Corn: up 3
Beans: up 10
The corn bid stabilized yesterday as traders consider if enough weather premium has been put into the market. The corn belt continues to see hot/dry conditions. Seasonally, prices go lower into fall but crop conditions ratings and other problems have supported the market. It appears ending stocks could come in from 2.5- 2.6 bil bu, which is above last years 2.1 bil bu. Yields are also expected to be at or above 180 bu./acre nationally. Prices are pretty close to last year at this time, so all things considered, it would appear the market has factored in all the damage. Corn is trading higher again this morning with anticipation of a solid export sales report. News of more damage due to extreme heat and dry conditions are also widespread. Most estimates still show the U.S. corn carryout being more than adequate, even with loss from the storms and the hot/dry conditions. From a “technical” or chart perspective, it appears that December corn could go about another 5 cents higher, around $3.62 before hitting resistance.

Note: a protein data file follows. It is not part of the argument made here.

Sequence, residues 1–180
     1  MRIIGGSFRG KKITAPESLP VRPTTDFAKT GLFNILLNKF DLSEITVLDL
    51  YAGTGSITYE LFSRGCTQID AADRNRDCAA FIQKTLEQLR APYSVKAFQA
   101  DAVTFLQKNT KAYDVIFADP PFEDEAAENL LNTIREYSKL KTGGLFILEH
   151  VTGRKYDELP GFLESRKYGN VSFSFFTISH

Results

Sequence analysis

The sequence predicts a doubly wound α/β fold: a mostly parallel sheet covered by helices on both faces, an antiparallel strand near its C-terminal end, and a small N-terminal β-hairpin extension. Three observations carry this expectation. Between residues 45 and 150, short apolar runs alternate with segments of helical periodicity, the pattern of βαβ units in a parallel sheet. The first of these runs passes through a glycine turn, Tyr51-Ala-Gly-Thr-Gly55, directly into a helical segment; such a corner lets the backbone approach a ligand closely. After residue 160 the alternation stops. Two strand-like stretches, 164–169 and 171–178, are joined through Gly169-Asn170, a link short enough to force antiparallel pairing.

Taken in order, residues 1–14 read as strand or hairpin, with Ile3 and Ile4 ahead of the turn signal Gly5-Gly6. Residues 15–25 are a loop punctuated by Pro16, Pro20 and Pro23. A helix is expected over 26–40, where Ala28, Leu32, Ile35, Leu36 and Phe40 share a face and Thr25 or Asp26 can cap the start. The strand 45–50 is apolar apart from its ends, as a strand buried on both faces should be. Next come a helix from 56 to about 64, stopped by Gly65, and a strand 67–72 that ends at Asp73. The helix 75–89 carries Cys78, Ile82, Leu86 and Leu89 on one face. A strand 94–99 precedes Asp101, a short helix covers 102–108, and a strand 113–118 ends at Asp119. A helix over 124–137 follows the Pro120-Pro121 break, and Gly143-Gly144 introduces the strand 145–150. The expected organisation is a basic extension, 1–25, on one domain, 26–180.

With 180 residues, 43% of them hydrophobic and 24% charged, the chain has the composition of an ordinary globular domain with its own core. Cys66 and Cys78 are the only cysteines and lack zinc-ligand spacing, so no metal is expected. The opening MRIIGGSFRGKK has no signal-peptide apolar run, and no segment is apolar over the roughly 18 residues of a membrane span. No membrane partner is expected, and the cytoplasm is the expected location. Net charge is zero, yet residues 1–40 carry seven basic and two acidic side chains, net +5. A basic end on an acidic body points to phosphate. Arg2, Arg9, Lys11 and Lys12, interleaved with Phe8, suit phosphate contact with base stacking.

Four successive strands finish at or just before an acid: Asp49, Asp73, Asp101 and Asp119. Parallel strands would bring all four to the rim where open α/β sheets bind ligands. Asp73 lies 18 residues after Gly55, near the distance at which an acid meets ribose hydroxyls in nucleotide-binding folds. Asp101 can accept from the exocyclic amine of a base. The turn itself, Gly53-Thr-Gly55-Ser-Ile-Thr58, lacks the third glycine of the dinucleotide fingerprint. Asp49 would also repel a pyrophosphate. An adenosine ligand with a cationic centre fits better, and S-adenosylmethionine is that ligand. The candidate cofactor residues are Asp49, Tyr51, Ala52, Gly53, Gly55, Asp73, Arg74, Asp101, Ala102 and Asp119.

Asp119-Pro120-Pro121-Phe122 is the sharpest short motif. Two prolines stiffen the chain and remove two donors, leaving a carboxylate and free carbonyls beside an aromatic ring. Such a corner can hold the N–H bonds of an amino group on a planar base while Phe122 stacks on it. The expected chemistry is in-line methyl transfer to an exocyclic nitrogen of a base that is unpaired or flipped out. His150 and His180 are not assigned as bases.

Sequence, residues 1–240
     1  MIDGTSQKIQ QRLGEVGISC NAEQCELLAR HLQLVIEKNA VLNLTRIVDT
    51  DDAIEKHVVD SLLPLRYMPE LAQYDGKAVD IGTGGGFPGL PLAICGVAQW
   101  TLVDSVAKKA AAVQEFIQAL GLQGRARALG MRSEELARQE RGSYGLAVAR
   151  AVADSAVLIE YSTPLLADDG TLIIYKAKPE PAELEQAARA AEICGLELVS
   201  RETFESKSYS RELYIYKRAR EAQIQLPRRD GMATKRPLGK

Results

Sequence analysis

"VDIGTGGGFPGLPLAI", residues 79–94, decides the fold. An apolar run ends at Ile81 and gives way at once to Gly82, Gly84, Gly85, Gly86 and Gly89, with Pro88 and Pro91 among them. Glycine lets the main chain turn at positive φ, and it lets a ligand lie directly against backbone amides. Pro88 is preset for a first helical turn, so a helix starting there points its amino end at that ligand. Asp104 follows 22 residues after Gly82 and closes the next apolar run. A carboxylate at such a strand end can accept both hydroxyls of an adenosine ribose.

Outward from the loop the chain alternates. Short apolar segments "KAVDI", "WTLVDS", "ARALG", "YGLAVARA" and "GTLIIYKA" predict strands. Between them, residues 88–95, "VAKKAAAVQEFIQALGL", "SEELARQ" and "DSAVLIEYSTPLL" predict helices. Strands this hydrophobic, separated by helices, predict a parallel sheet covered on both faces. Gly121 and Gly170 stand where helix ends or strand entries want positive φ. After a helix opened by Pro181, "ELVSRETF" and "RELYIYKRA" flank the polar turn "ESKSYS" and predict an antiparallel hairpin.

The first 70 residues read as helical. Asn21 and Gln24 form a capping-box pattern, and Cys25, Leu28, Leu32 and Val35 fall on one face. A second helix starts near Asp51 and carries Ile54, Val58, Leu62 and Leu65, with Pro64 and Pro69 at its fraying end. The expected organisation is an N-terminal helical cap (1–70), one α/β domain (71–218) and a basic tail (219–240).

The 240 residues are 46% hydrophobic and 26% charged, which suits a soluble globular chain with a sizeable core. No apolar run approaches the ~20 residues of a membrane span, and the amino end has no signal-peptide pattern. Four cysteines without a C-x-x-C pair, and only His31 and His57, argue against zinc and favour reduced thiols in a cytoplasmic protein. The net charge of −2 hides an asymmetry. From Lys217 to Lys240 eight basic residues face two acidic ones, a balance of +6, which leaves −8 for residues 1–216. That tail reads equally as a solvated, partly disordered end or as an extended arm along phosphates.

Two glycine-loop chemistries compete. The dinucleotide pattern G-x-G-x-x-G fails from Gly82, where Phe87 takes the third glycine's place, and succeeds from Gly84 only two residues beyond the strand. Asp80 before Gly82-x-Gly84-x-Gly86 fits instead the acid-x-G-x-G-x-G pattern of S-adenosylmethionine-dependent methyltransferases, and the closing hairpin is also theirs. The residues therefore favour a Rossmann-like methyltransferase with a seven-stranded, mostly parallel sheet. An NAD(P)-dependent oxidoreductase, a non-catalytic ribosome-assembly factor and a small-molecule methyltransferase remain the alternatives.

Soybeans closed higher yesterday as the USDA announced another sale of 15 mil bu. to China. The dry conditions are also providing a push, and if the rains in the Midwest don’t materialize, we could see even further strength. The market is trading higher again this morning as November beans take out the next area of resistance. The forecast is still showing hot/dry conditions for the short-term. There is a chance of rain across the corn belt over the next 7 days. The concern is that this rain is coming too late to help the dry areas. The trade is expecting crop conditions to decline again on the next report Monday afternoon.
Now would be a good time to put in some offers for New Crop sales of corn and beans.
Don't forget to register for our Crop Tour Results Webinar on Sept. 2: https://register.gotowebinar.com/rt/6619029621798809355
Corn and soybeans across 26 counties were surveyed. Find out how derecho damage is impacting regional yields.